Solar Farm Plans Stalled After County Board Vote
McLean County’s fifth planned solar farm hit a snag Tuesday morning after County Board officials voted 11-5 to send the developer’s application back to the Zoning Board of Appeals for further review.
Minneapolis, Minnesota-based renewable energy developer Geronimo Energy plans to build two 2-megawatt facilities across 77 acres of farmland in Funks Grove Township.
Developments of this scale have so far faced little to no opposition in the county. Officials approved applications for four other 2-megawatt facilities earlier this year, all submitted by developer Cypress Creek Renewables.
District 1 Representative Catherine Metsker (R) asked that Geronimo’s application return to the ZBA over concerns the document was incomplete.
“This application had serious omissions,” Metsker said, calling the developer’s decommissioning plan inadequate and noting the names and contact information of company representatives were missing from the safety plan.
Members of the ZBA unanimously recommended the application for approval June 5, but not before adopting nine staff recommendations as stipulations to the project.
County Building and Zoning Director Phil Dick told the Board that staff did find the developer’s original application to be incomplete -- that’s why they made the recommendations.
Dick also said the project’s decommissioning plan is consistent with those of the four other developments already approved. As for the missing emergency contacts, Dick said the developer plans to submit that information after the application is approved.
Staff and Board members noted Geronimo wouldn’t be issued any building permits until all nine stipulations were met, but that wasn’t enough reassurance for District 9 Representative Susan Schafer (R).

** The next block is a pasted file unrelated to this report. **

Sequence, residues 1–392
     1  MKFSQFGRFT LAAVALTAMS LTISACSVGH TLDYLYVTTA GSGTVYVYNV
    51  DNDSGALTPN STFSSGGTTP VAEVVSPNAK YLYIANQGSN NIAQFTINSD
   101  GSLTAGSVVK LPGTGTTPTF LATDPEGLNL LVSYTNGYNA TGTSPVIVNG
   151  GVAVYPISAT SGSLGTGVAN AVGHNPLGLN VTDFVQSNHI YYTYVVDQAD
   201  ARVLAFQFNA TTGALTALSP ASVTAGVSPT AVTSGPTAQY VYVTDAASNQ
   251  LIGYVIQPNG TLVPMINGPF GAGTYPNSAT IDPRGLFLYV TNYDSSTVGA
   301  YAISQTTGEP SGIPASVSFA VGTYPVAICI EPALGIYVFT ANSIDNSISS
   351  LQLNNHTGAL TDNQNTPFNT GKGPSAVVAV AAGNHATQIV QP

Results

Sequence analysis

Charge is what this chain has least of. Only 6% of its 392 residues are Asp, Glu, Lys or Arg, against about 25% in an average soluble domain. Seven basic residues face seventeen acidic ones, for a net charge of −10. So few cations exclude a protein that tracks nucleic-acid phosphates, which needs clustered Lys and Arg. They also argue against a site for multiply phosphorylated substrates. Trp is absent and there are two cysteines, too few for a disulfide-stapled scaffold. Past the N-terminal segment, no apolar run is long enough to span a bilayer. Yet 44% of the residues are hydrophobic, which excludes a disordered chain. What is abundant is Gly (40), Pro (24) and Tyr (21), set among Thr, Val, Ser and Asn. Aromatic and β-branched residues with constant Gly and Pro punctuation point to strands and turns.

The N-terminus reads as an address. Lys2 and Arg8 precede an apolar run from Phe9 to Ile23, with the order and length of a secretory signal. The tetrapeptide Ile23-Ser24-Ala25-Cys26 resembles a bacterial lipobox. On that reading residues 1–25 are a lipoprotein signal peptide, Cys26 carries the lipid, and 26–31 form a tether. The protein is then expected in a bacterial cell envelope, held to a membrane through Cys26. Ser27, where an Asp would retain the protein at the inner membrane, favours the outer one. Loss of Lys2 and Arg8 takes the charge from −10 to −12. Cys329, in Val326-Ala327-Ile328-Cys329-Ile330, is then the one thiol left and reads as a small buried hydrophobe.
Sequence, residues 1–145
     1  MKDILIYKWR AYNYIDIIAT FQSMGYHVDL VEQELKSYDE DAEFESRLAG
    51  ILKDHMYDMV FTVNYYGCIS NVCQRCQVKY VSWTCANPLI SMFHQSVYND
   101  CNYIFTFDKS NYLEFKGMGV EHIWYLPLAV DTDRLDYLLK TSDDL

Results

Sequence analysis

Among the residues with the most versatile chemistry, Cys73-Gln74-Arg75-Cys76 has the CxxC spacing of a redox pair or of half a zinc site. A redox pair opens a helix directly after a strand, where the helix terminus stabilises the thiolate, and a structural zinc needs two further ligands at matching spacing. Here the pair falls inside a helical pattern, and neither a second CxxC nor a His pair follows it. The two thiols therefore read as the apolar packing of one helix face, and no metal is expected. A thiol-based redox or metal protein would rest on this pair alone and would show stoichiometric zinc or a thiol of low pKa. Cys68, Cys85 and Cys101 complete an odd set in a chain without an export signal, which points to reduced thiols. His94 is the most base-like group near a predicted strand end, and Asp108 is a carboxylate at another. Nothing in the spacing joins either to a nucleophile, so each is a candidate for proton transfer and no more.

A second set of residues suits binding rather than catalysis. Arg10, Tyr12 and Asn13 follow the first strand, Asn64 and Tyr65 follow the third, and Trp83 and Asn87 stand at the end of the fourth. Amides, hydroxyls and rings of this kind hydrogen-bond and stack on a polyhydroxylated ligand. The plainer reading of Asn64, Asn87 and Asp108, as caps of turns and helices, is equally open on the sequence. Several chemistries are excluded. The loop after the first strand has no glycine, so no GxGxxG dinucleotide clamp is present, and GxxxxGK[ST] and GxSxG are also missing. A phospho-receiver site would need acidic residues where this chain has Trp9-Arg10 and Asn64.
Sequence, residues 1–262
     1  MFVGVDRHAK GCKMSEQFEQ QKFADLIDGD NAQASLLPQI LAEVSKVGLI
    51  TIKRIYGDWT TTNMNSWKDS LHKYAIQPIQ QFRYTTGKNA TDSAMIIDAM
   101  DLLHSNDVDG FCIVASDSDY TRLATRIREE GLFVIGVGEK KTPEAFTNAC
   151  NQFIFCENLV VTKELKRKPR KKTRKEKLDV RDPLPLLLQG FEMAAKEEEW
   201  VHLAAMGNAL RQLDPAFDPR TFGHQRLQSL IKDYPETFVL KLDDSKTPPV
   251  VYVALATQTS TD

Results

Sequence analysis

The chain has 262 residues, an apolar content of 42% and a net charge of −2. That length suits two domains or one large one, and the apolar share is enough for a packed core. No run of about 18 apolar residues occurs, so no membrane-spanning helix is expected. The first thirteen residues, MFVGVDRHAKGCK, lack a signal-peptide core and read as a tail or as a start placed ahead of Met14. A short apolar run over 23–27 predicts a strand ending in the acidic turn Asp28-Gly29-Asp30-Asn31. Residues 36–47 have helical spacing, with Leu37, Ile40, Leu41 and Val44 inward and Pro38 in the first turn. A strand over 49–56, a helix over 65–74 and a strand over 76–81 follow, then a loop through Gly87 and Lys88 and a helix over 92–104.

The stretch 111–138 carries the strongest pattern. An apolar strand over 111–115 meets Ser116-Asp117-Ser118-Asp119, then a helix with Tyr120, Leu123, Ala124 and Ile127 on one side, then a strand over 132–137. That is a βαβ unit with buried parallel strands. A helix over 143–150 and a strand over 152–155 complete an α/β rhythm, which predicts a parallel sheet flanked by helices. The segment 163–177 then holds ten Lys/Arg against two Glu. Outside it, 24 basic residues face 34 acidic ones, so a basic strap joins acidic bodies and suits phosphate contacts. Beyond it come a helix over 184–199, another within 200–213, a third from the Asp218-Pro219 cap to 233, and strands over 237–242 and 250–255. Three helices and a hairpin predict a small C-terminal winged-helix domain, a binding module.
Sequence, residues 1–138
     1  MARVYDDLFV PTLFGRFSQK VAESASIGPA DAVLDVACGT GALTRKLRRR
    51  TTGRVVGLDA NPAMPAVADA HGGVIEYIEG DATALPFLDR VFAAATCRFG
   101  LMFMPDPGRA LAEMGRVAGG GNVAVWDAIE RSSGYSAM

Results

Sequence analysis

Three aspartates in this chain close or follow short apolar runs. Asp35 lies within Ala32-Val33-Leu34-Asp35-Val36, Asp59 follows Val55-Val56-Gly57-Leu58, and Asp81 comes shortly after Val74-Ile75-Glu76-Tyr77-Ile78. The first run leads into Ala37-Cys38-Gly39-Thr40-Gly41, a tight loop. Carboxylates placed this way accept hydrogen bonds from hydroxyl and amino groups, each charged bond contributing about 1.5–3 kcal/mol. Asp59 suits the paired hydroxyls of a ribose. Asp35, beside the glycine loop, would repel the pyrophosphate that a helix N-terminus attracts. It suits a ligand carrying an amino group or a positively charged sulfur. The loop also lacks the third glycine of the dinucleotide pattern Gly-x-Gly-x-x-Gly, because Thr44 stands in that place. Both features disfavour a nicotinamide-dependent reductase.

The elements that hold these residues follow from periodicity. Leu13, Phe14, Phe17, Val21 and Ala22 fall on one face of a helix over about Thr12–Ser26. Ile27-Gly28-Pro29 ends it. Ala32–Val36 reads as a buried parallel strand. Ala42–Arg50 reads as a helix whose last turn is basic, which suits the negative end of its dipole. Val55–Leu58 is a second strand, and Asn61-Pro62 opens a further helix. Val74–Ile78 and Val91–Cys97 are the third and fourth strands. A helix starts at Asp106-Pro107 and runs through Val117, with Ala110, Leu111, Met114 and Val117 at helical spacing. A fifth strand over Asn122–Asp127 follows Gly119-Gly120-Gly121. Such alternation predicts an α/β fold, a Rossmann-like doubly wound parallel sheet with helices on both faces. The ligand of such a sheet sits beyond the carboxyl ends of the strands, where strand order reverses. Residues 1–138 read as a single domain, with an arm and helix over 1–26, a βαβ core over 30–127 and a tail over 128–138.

“If we start doing that, what kind of precedent are we going to set? We need to make sure we know what we’re approving and that things have been done correctly from the get-go.”
Metsker also voiced concerns the project would take several acres of fertile soil out of crop production.
“This is a pivotal precedent,” she said. “Allowing a solar farm on prime land will escalate the destruction of other farmland in the county.”
Metsker worried the continued practice would mean increased competition among farmers, creating an artificial spike in cash rent values at neighboring properties.
However other Board members noted renewable energy can provide regular income for otherwise struggling farmers.
“I think given the challenges farmers face...this is a nice sustainable revenue source,” said District 8 Representative Carlo Robustelli (D). “It makes sense to me that farmers would think about diversifying what they’re harvesting.”
“A farmer needs to have an opportunity to increase his income if he can,” District 2 Representative and Board Vice Chairman Jim Soeldner (R) agreed.
For developer Geronimo Energy, that’s part of the idea behind seeking to develop solar in farm communities.
“Geronimo believes it is not only a renewable energy developer but also a rural economic developer,” said Geronimo Energy Director of Marketing and Communications Lindsay Smith in an email last month. “By reinvesting in our local cities and towns, Geronimo and community members will invigorate the local economy and will build stronger rural communities.”
Smith said Geronimo plans to market the Funks Grove project to residents as a community solar project under the Illinois Adjustable Block Program, where utility customers can subscribe to receive a credit on their monthly electric bill.
The company has developed over 140 megawatts of community solar projects, with another 50 megawatts under development.
The Funks Grove project would generate enough energy to power around 870 homes a year, with construction expected to begin next spring.
Smith said the developer takes a farm-friendly approach with many of its staff members coming from farming and agriculture backgrounds, including its founder and chairman Noel Rahn.
As for choosing where to develop, Smith said access to existing electrical infrastructure, flat contiguous land and a willing and supportive community and landowner group are all key considerations for locating new solar projects.
“In most parts of the country, solar energy projects are considered agricultural use,” said Smith. “As solar becomes more prevalent in rural areas, more and more communities are recognizing solar as a key part of the agricultural economy.
What’s Next: The ZBA will meet again July 3 in Room 400 of the Government Center, 115 E. Washington St., Bloomington.